You advise you have had 11P to 11L - P denotes a pensioner, L denotes a non pensioner !)

The 313T to 13T has me flummoxed ! But the PAYE system )a new computer system since Oct 2009) has been making some every strange coding issues - and I fear this is one of them.

But assuming I am right about the self employed income position and based on what HMRC advise that 13T remains - then your employer hopefully will not receive this string of silly codes - as you have !

If I am wrong about the self employment and the net figure (after business expenses etc) is £25,000 then your code will be too high and will still need looking at.

But so come back to me if you need



Customer: replied 7 years ago.

Thank you again, Sam. Yes, I know it's complicated and confusing and it sounds as if you're a bit confused by this silly situation too! First of all, I have no employer. I am self-employed, so "my employer" cannot be informed of any tax code.

Secondly, according to the latest of the Revenue's three notices (dated 2.5.2010, received 17.5.2010), my tax code is 11L, which you say means "not a pensioner", but I AM A PENSIONER!! So what can I do? I've tried informing the Revenue but they don't reply. My pension provider says they can't do anything and have to do what the Revenue tells them. They only have 13T as my tax code.

Yes, the income I told you about from translation was my profit, after deducting allowable expenses, so my net receipts from translation. And yes, the state pension figure I gave you is the figure as from 6th April 2010, so it's the new rate.

My question really is: how can I make sure that I've been given the right tax code, particularly as it seems impossible to get a rational, personal and timely answer from the Revenue?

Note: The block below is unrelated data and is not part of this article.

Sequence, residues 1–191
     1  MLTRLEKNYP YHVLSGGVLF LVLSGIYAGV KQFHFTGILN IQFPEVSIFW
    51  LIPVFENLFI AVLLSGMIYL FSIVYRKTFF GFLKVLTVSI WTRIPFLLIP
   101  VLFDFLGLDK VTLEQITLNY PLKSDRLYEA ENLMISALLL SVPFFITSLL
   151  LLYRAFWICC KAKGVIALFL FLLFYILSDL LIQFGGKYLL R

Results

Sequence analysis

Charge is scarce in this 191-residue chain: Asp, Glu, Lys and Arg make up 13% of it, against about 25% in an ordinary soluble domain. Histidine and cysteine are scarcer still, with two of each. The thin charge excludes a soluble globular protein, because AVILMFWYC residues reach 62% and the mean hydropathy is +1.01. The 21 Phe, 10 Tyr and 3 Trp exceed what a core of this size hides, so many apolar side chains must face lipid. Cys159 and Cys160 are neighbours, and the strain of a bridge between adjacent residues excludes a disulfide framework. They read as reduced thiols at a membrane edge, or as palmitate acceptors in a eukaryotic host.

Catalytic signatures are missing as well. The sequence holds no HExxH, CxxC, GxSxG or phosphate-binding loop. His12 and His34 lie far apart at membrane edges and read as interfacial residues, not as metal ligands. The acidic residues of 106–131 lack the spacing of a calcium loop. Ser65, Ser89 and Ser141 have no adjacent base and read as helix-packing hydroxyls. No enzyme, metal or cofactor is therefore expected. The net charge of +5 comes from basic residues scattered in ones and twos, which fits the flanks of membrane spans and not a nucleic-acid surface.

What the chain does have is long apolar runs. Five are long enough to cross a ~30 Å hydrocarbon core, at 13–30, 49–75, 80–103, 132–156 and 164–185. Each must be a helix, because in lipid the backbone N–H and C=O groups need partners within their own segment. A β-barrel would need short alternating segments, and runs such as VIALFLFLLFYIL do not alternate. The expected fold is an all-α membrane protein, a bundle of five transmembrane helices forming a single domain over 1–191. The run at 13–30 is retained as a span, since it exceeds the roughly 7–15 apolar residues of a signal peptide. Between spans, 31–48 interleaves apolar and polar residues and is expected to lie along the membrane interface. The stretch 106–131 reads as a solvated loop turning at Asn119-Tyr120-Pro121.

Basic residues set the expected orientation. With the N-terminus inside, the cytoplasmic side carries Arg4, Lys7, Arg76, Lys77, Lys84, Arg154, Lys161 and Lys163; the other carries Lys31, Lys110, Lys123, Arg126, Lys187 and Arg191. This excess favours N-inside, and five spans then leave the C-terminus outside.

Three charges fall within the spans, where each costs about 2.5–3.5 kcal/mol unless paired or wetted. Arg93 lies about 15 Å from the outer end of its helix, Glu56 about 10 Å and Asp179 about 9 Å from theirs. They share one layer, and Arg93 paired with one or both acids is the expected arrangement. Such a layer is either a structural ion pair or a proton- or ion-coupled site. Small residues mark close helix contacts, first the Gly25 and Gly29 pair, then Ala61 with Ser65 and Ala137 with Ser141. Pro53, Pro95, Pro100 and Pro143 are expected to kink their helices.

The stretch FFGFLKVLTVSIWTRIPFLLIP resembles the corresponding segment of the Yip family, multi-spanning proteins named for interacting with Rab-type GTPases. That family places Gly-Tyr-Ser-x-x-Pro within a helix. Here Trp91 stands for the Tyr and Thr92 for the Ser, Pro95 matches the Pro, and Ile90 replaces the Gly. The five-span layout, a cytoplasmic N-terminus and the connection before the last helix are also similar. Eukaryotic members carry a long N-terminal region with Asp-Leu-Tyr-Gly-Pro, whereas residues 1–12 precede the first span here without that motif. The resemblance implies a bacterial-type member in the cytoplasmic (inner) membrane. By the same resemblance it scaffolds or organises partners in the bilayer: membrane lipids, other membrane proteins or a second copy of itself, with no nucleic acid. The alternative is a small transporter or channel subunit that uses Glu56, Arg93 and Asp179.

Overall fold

I've never had any problem with the Revenue before now, always completing my self-assessment form, declaring all my income (translation, pensions, interest on investments, etc.) on it and paying my tax in two lump sums per year. Why this change all of a sudden, this tax code business? I've been self-employed for 20 years and never had a tax code before - (but paid plenty of tax!).

Thanks again,




HI Jenny

Thanks for your response

The code will not be advised to an employer but to the pension (private payer) to operate the tax code against. And pensions fall under PAYE -

Yes I agree being of state pension age does make you a pensioner !
And based on what you tell me I think your tax code is wrong - as the age related allowances should be reduced down to £4175 - which then has state pension deducted from if of £6230 which should leave you with Minus (-) 2055 allowances which should be the code K205 operated against your private pension

Then your self employment would be charged fully at 20% - and your USA pension considered along with any USA suffered from it , as your allowances have been utilised in full by state pension and private pension.

There is an added complication here - when a K code (minus allowances) exists and is operated against an income (in your case it would be the small private pension) it can NEVER take more than 50% of the income on which is operated against. As this UK private pension is £2230 the most tax than can legally be taken is 50% = £1146 tax -
The operation of a K code adds the minus income(£2055) to the actual pension income £2230 - which totals £4285 x 20% = £857 - so this is permissible in your case.

As something is very wrong here (and I think the issue of the many codes indicates this) I shall give you the telephone number that deals with the issue of incorrect code issues - I feel you will have a better chance to speak to someone - try ringing as soon after 8am or as close to 8pm as possible on both this number and the one on your notice of coding (s)!
Its 0845 3000 627 - see link here



Customer: replied 7 years ago.

Thanks, XXXXX XXXXX your explanation and yes, I will try telephoning the numbers at the times you suggest, but I feel as if my entire waking life is being taken up with this annoying business that never used to cause any trouble before!!

Regards, Jenny


HI Jenny

I share your sentiments with the volumes of individuals who encounter these unacceptable problems and difficulties getting to speak to anyone

But good luck and I wish I could have had a simple answer for you - so you could put this aside -